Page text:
• Institutional voids, international learning effort and internationalization of emerging market new ventures

      Adomako, Samuel; Amankwah-Amoah, J.; Dankwah, G.O.; Danso, A.; Donbesuur, F. (2019-12)
      Much of the existing scholarly works portray institutional voids (IVs) in emerging economies as impeding forces against the development of new ventures. However, little attention has been paid to how such voids generate positive outcomes in emerging market new ventures. Drawing on the institutional theory, we propose IVs as crucial enablers of new venture internationalization. In addition, we investigate both how and when IVs enhance the degree to which new ventures internationalize by examining international learning effort (ILE) as a mediator and two domestic market environmental factors (i.e., environmental dynamism and competitive intensity) as important contingencies. We test our moderated mediation model using primary data gathered from 211 new ventures from Ghana. We found that ILE mediates the relationship between IVs and new venture internationalization and that both environmental dynamism and competitive intensity moderate the indirect relationship between home-country IVs and new venture internationalization. We discuss the theoretical and practical implications of this study.
    • Technological innovation, organizational innovation and international performance of SMEs: The moderating role of domestic institutional environment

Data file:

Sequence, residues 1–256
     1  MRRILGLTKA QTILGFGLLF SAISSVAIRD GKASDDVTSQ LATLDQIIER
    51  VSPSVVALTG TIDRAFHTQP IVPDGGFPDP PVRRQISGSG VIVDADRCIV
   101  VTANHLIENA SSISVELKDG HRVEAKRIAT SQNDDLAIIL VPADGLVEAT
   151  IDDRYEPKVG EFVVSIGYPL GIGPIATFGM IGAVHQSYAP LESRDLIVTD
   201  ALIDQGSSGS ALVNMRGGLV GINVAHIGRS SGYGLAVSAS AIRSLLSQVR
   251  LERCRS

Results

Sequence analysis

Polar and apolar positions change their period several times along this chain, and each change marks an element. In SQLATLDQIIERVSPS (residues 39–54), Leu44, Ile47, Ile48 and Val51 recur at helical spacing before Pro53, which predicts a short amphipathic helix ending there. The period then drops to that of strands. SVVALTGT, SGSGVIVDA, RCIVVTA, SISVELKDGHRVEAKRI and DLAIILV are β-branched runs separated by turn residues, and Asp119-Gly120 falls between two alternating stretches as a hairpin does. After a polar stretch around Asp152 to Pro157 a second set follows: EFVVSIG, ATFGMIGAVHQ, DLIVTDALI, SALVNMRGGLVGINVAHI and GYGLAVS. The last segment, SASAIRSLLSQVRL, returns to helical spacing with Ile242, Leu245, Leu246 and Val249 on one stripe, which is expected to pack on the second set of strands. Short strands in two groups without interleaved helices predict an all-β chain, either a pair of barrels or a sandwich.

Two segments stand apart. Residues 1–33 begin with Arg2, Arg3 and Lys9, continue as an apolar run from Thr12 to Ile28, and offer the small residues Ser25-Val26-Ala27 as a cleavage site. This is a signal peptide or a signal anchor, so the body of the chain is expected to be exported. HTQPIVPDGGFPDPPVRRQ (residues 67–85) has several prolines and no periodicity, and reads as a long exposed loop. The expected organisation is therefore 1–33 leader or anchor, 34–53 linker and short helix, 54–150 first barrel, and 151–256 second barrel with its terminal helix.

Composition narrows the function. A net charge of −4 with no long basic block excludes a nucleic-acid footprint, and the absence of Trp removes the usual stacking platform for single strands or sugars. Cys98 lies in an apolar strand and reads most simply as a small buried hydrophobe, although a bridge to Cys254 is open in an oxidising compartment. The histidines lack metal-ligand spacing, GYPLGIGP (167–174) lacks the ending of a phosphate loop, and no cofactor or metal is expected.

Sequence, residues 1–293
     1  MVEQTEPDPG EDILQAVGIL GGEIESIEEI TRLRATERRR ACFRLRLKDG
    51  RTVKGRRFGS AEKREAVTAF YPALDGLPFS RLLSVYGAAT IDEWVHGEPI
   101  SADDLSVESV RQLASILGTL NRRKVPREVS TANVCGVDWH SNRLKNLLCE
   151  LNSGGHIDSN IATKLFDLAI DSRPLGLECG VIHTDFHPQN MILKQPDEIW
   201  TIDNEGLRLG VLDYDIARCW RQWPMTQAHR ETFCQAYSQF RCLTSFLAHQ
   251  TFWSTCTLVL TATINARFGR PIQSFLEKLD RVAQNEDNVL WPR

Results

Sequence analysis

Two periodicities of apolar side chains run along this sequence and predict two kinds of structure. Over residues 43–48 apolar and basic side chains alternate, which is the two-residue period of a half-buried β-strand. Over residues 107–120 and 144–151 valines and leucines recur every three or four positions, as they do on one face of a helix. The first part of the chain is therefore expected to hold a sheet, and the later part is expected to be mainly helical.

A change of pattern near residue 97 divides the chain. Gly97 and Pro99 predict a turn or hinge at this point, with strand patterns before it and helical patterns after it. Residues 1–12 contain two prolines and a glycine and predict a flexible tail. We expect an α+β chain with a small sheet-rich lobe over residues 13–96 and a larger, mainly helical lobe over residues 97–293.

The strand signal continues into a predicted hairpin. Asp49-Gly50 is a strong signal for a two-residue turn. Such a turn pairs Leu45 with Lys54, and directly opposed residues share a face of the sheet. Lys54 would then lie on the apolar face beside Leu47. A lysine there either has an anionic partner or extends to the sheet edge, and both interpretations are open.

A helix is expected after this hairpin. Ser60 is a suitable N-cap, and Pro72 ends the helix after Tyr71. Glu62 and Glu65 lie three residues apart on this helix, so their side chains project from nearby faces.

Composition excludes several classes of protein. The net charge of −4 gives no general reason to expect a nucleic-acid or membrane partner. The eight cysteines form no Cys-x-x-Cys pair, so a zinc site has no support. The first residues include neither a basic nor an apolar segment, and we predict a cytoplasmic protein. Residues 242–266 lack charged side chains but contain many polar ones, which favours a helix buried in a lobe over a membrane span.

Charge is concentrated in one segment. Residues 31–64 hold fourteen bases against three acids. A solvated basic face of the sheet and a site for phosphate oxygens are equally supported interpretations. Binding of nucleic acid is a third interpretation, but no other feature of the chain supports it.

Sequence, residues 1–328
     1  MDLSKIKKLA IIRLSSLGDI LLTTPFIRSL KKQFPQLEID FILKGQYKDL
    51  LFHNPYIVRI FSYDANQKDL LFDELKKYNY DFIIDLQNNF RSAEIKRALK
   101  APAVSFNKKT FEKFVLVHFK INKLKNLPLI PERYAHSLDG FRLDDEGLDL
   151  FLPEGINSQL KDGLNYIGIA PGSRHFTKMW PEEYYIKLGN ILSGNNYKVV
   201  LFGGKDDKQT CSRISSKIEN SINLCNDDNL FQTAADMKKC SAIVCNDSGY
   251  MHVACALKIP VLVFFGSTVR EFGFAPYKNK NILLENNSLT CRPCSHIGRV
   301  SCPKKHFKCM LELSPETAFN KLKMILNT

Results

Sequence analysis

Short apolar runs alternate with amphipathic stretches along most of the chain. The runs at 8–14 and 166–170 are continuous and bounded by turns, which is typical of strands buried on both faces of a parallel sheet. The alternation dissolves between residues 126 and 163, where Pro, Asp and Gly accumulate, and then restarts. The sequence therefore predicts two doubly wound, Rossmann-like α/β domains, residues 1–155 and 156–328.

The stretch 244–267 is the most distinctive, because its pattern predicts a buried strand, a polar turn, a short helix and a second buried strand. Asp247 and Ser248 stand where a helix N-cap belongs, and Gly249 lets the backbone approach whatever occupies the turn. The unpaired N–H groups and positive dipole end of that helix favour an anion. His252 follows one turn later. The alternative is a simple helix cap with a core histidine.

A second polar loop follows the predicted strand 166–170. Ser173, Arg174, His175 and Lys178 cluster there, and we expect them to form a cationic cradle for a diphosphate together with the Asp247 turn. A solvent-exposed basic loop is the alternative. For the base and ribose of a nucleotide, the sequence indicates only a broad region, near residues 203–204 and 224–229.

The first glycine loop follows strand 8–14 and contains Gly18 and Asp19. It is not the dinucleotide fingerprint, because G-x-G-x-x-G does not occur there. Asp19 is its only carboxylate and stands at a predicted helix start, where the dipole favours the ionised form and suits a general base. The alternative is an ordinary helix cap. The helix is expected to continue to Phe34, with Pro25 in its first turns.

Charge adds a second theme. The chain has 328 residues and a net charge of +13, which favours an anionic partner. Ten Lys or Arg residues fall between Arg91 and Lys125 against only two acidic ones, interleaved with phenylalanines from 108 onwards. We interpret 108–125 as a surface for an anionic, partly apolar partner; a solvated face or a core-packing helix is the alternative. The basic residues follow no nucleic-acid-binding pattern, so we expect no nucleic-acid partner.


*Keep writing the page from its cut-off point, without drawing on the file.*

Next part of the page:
Donbesuur, F.; Ampong, G.O.A.; Owusu-Yirenkyi, D.; Chu, Irene (2020-12)
      Despite the growing research on the performance implications of technological and organizational innovation, our understanding of how they impact SMEs’ international performance is limited. Drawing from the dynamic capability and the institutional theories, this study argues that technological and organizational innovation has a synergistic effect on international performance and that this effect is contingent on unique domestic institutional factors. We test this model using structural equation modeling on a sample of 204 internationalized SMEs operating in Ghana. The findings from the analysis show that high levels of organizational and technological innovation jointly improve SMEs’ international performance. In addition, the results show that institutional environment specificity and institutional environment enforceability enhance the complementary effect of organizational and technological innovation on the international performance of SMEs. The theoretical and managerial implications of the findings are discussed.